While Turkey’s Central Bank held its policy rate at 19%, Brazil’s succumbed to inflation pressures, lifting its benchmark interest rate by 75 basis points and promised another hike of the same magnitude in June as it moves to bring inflation forecasts back down to target.
According to Reuters, Emerging Market (EM) central banks delivered more rate rises than cuts in April, marking the end of an easing cycle that had started in 2019 as central banks, especially in emerging Europe and central Asia, grapple with rising inflation pressures.
Policy makers across a group of 37 central banks in developing economies delivered a net four interest rate hikes in April after recording a net five increases in March.
“Following the most aggressive monetary easing cycle in EM history since the onset of the pandemic, the tide is now turning, with reflation concerns pushing EM central banks into a more hawkish stance on average,” said Ehsan Khoman, head of emerging markets research at MUFG Bank.
The action was concentrated in emerging Europe and central Asia, where Belarus, Ukraine, Russia, Kyrgyzstan, Georgia and Tajikistan all raised their benchmarks – the latter two now offering interest rates close to or in double digits.
“The rate of inflation has picked up in much of the region, prompting monetary policy responses,” Paul Gamble, head of emerging Europe at Fitch Ratings, said in a recent note to clients.
The moves were chiefly driven by food inflation. World food prices rose for a 10th consecutive month in March, hitting their highest level since June 2014.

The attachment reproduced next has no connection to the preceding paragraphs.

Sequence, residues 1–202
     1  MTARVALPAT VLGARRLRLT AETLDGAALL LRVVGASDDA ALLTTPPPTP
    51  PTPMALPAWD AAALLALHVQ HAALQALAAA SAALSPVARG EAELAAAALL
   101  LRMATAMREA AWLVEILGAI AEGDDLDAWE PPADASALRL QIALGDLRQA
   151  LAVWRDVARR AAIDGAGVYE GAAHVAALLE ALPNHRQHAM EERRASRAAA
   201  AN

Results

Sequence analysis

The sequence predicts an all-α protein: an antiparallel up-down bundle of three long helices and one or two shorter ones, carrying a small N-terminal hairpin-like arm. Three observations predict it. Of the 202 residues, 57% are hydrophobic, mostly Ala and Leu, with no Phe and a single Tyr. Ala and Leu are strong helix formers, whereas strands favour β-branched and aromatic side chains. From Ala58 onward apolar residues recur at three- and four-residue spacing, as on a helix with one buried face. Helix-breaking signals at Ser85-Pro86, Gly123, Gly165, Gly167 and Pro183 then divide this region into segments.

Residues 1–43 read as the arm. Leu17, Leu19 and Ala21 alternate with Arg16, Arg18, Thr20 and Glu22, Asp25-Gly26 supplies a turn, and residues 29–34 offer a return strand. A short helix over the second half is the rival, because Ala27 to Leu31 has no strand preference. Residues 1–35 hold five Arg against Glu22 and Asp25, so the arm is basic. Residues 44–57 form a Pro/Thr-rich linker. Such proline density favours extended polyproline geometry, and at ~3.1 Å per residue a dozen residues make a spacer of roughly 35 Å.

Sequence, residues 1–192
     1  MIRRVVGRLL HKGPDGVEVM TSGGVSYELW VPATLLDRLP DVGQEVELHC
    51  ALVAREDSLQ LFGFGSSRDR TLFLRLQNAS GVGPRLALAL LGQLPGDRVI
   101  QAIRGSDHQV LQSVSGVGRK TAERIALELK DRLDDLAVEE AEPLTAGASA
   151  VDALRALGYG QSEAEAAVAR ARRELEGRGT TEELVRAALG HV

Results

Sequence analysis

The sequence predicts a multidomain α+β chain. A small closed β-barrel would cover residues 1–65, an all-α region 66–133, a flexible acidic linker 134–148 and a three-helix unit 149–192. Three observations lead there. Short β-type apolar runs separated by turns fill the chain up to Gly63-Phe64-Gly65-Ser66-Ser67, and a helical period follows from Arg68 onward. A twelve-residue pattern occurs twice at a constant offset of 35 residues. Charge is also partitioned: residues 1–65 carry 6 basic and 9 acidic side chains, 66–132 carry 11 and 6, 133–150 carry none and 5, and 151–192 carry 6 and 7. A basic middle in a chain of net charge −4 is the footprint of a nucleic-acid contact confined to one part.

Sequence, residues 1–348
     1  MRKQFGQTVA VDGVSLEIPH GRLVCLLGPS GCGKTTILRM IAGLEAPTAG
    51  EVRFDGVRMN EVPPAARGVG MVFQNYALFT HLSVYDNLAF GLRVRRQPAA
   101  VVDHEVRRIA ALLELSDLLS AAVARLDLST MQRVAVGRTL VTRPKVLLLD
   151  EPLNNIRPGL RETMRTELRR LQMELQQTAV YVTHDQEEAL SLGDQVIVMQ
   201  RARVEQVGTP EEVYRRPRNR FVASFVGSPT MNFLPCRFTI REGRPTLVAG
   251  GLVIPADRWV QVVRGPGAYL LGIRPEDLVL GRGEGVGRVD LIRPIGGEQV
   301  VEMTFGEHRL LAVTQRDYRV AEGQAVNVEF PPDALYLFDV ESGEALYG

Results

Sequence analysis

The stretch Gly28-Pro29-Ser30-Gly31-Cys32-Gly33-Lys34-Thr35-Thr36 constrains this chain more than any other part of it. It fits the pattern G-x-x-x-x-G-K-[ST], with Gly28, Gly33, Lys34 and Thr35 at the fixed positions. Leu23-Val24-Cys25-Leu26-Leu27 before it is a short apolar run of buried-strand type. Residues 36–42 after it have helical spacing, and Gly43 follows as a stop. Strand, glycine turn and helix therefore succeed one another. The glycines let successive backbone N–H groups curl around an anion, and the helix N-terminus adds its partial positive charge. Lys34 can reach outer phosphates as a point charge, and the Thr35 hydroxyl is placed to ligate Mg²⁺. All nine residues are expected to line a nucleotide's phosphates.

But lately, rising energy and commodity prices have added to the pain. Many analysts predict more rate hikes ahead in emerging Europe and central Asia, but also in Latin America and elsewhere.
The balance between rate hikes and cuts across the group of 37, by Reuters calculations, was negative or zero for two years up to February 2021, in what was the longest easing cycle since the 2008 financial crisis and the 2010 euro crisis.
At the peak of the cycle in March last year, 27 of the 37 central banks cut interest rates, trying to protect their economies as the fallout from the coronavirus pandemic rippled through markets around the world.
In 2021, there have been nine rate hikes across the group so far, compared to four in the whole of 2020 and nine in 2019.
There have been only three cuts this year, compared to 115 in 2020 and 81 in 2019.
Regarding Turkey, no monetary easing ought to count as “monetary tightening”, because the new governor Prof Sahap Kavcioglu was specifically appointed to deliver lower rates.
India is another country grappling with rising inflation pressures amidst a horrendous Covid-19 scourge. “Rate cuts are unlikely at the moment unless the growth outlook deteriorates substantially,” said Rahul Bajoria, senior economist at Barclays Bank Plc in Mumbai. “So while the Monetary Policy Committee will keep a dovish bias, they are likely to rely on unconventional policies going forward”, quoted Bloomberg. Yet, Turkey had demonstrated year after year that unconventional policies in open economies with weak Central Bank credibility don’t work.
Rate hikes stabilize local currencies vs the dollar, raising the country’s attractiveness for carry traders and hedge funds. This strategy works until and unless Fed is forced—in the face of inflation pressures—to bring forward its QE exit plans.
Those Developing Nations which sacrifice exchange rate and price stability to keep economic momentum going, could lose FX reserves gradually, as financial funds migrate to others with higher bond yields and stable currencies.
At the end, the Great Monetary Easing Cycle has ended in EM. How soon it will morph into the Panic Tightening cycle will be determined by food and commodity prices, as well as American inflation.
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